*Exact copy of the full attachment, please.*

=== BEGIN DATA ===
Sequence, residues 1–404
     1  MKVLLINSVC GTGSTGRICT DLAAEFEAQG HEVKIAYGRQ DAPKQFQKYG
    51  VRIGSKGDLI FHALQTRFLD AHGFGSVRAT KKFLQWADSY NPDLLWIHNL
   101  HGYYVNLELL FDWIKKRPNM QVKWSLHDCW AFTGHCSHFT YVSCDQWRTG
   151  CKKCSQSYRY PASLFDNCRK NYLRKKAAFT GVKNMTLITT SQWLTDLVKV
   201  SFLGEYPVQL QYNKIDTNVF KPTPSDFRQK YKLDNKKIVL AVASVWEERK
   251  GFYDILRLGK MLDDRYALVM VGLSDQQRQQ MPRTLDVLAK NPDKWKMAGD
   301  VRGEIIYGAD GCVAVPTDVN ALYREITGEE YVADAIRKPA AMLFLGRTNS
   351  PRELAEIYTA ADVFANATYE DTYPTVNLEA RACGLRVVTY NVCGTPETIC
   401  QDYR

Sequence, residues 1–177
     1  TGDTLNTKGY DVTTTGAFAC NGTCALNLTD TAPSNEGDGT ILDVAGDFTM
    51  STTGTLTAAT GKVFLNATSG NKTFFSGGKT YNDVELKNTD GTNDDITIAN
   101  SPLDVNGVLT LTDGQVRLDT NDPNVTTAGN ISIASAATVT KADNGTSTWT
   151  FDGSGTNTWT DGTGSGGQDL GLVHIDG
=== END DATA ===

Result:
Sequence, residues 1–404
     1  MKVLLINSVC GTGSTGRICT DLAAEFEAQG HEVKIAYGRQ DAPKQFQKYG
    51  VRIGSKGDLI FHALQTRFLD AHGFGSVRAT KKFLQWADSY NPDLLWIHNL
   101  HGYYVNLELL FDWIKKRPNM QVKWSLHDCW AFTGHCSHFT YVSCDQWRTG
   151  CKKCSQSYRY PASLFDNCRK NYLRKKAAFT GVKNMTLITT SQWLTDLVKV
   201  SFLGEYPVQL QYNKIDTNVF KPTPSDFRQK YKLDNKKIVL AVASVWEERK
   251  GFYDILRLGK MLDDRYALVM VGLSDQQRQQ MPRTLDVLAK NPDKWKMAGD
   301  VRGEIIYGAD GCVAVPTDVN ALYREITGEE YVADAIRKPA AMLFLGRTNS
   351  PRELAEIYTA ADVFANATYE DTYPTVNLEA RACGLRVVTY NVCGTPETIC
   401  QDYR

Sequence, residues 1–177
     1  TGDTLNTKGY DVTTTGAFAC NGTCALNLTD TAPSNEGDGT ILDVAGDFTM
    51  STTGTLTAAT GKVFLNATSG NKTFFSGGKT YNDVELKNTD GTNDDITIAN
   101  SPLDVNGVLT LTDGQVRLDT NDPNVTTAGN ISIASAATVT KADNGTSTWT
   151  FDGSGTNTWT DGTGSGGQDL GLVHIDG